It's been just over a week since Netflix's 5th Marvel show Iron Fist debuted to near universal panning from critics, and during that time there have been interesting comments made by people involved with the show in response.  In the immediate aftermath of the critical derision aimed at the show, Finn Jones (Iron Fist/Danny Rand) got into a twitter spat over the ethnicity of Iron Fist, which subsequently led Jones to leave Twitter for a short time.  Jones also took a swipe at critics for their response to the show, stating that the show was created for fans, and not for them.

Most people saw this public outburst as a sign of an actor who clearly knows that his work isn't up to standard, and is instead attempting to divert attention, in the same way the makers and stars of last summer's Suicide Squad did after their film received a similar critical battering.  The most interesting development out of all of this, and perhaps the most surprising, is that Jones may be right.  While Iron Fist boasts an incredibly low score of 18% on Rotten Tomatoes, the show has a strong audience score of 82% and 7.6 on Rotten Tomatoes and IMDb respectively.  The show also became Netflix's second biggest Marvel show opening, behind only Luke Cage.  Obviously, much like Suicide Squad, audiences ignored the critical maligning the show received prior to launch, and flocked to see the show regardless.  Clearly audiences aren't as sick of seeing formulaic superhero stories as we might have thought in the wake of standout game-changing entries in the genre recently, such as Logan

My own personal thoughts on the show are mixed to negative.  I don't think the show is nearly as bad as some people have made out; and yet, there are some huge fundamental problems with the show.  I'm going to avoid talking about some of the most glaring problems of the show, such as the woefully bad dialogue and the incredibly poor pacing, because these are problems I can live with in a television show; heck, most of the other Marvel Netflix shows similarly had pacing issues, whereby you felt as though they were stretching 8 episodes into 13.  For me the most crushing disappointment of Iron Fist was the action scenes.  How could a show about a character that was born out of the Kung-Fu obsession of the 1970's have some of the most perfunctory  action sequences I've seen it a long time.  I was expecting something akin to John Wick in the action department, and what we got was maybe 2 or 3 decent action set-pieces spread out over nearly 13 hours of television.

You know, there's been a lot of finger pointing about who to blame for the show's problems, with most heat centring on the lead Finn Jones; with those people stating that the show would be better had they cast an Asian-American in the title role.  Personally, I don't think that would have made little difference on the finished article.  The show would still be riddled with clunky dialogue & poor character constructions.  What Iron Fist really needed, and what it needs going forward, apart from a better script, is directors that have a handle on how to stage an action set-piece.  One thing that popped up once or twice in Iron Fist was the split screen during certain action sequences, which is kinda interesting and unique, and yet, it occurs so infrequently across the show so that when it does appear sporadically it's jarring.  That brings me nicely unto a second thing which jarred with me whenever it appeared: the music.  Now, at the beginning of the show, literally the first scene when Danny is walking towards the Rand building, we are treated to Outcast's So Fresh, So Clean, which I found worked kinda well.  In fact, the first few episodes focus a lot on Danny's vintage iPod, which led me to believe that it might factor into the story, in a similar way that Peter Quill's Sony Walkman did in Guardians of the Galaxy; but then it seems that the show forgets about that.  Then, sporadically across the series we get songs, which, while good tracks, are jarring because of their erratic positioning within the show.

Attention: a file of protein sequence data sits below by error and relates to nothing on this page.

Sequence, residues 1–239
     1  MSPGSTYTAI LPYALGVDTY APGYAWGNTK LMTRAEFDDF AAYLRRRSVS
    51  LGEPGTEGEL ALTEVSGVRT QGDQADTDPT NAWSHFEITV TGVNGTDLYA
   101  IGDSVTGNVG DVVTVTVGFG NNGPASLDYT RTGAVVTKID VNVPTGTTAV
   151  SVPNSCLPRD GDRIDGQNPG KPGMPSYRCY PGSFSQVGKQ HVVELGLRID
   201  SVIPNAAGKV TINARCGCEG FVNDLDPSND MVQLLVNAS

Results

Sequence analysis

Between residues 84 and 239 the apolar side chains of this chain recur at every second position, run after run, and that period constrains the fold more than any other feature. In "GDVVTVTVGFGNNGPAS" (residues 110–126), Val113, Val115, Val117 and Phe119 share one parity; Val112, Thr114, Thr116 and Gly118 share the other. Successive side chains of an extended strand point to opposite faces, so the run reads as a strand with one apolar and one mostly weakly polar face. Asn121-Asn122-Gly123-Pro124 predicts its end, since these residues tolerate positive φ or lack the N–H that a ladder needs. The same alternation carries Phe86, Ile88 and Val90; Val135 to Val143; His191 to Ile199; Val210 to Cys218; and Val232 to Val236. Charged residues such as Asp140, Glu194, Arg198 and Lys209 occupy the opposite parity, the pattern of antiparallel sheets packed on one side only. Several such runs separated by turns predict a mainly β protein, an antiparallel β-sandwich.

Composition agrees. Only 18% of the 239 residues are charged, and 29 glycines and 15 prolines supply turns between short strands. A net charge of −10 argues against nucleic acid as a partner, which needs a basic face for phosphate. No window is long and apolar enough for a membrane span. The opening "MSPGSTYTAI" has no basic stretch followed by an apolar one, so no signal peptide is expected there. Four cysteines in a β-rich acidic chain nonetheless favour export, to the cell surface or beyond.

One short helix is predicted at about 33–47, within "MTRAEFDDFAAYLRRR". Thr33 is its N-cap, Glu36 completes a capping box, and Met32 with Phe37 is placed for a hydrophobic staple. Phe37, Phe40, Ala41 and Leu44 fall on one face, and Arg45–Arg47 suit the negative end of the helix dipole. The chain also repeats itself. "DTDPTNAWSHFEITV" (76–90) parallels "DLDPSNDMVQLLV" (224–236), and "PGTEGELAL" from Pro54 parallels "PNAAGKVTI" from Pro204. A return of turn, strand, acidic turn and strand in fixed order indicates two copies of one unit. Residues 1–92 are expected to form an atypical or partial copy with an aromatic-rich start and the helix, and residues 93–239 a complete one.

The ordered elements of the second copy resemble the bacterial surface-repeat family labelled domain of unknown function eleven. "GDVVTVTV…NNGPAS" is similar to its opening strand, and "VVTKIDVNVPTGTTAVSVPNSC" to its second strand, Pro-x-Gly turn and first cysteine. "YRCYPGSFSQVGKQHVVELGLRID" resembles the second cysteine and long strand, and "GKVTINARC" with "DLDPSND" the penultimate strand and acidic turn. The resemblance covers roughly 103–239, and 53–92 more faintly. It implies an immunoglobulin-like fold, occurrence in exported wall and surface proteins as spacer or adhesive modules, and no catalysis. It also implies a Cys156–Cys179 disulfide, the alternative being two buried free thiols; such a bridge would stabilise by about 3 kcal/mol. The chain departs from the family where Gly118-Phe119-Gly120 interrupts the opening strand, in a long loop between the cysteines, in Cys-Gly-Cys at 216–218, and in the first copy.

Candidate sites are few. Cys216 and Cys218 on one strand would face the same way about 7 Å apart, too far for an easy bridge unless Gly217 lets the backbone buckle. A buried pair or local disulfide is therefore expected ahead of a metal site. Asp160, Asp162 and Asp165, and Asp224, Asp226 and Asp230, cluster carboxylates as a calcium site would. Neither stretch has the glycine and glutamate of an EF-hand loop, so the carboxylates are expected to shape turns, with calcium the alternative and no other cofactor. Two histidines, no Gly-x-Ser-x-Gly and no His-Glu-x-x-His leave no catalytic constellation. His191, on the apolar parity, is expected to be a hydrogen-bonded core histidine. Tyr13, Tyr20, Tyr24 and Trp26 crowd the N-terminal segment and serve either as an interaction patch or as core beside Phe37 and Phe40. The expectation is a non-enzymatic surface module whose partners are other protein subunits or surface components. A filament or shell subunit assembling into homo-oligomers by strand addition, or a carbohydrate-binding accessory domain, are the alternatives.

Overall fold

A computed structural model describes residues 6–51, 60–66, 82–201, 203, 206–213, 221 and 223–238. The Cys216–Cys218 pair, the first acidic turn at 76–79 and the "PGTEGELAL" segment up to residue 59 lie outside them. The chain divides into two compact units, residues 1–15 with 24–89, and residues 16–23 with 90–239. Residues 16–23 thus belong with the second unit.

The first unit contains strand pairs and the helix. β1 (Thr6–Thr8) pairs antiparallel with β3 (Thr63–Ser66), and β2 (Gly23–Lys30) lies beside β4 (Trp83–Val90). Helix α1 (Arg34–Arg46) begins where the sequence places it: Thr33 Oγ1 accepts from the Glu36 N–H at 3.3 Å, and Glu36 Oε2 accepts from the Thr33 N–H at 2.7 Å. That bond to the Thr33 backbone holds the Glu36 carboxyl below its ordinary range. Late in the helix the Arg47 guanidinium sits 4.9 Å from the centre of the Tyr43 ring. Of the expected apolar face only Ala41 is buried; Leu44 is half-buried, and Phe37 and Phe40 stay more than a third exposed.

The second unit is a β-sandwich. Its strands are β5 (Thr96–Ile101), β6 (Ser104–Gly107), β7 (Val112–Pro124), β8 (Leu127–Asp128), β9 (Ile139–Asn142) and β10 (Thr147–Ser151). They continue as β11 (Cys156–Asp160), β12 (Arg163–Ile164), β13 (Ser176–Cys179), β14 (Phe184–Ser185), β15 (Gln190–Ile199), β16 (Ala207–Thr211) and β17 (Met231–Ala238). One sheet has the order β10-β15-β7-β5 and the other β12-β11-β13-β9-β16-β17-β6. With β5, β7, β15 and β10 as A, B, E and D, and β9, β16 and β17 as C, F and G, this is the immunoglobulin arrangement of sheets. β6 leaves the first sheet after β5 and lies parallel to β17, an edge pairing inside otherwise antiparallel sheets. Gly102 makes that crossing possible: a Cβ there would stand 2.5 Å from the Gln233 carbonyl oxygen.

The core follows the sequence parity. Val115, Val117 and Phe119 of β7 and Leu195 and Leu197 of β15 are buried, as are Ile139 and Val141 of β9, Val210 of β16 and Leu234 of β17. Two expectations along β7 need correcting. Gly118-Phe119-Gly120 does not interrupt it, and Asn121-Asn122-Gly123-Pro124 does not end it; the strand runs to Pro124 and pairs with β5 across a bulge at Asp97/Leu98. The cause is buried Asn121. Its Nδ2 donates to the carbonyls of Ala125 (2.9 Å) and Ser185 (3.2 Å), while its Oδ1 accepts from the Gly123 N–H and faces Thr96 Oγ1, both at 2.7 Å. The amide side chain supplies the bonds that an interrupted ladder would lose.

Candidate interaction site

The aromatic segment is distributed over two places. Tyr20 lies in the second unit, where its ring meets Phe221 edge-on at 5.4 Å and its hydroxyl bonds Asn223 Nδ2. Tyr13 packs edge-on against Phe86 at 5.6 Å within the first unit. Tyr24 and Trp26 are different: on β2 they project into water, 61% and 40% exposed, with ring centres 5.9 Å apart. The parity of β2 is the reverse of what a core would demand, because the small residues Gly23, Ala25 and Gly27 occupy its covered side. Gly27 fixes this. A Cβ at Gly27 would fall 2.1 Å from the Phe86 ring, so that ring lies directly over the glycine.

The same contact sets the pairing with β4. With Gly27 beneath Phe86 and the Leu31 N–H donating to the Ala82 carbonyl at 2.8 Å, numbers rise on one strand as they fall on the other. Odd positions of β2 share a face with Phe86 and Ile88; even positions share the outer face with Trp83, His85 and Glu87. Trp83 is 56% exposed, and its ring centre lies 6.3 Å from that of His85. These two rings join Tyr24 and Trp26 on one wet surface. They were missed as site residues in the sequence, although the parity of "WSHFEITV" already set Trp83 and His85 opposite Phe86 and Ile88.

I think what Iron Fist needs is someone with a strong vision to come on-board and his/her stamp on the material, because the first season was shambolic at time, mixing boardroom melodrama with dull action sequences.  Hopefully Daredevil Season 2 show-runners Douglas Petrie & Marco Ramirez can solve some of Iron Fist's problems during The Defenders, and who knows, Iron Fist may be the breakout star of the show in the same way the Hulk was in the first Avengers movie.


Who am I?

My name is Stuart Kilmartin, and I hail from Galway, Ireland.

I studied English Literature at NUI Galway (B.A. & M.A.).  Spent many a moon reading Edgar Allan Poe & I can recite Ozymandias, by Percy Shelley, word for word; it's irrelevant, but I'm proud of it.

Deep-rooted passion for all things film and television.  For those who say David Lynch is too obscure, I agree; and yet, I love him.

I started this blog with the intention of getting my thoughts out there and to gain more experience in entertainment writing; and to prove that all those years watching movies weren't time wasted.

I've been writing for over a year now, and I've collaborated with ComicBuzz & Headstuff, where I've had a number of pieces published.  Check out some of my other published work here or 

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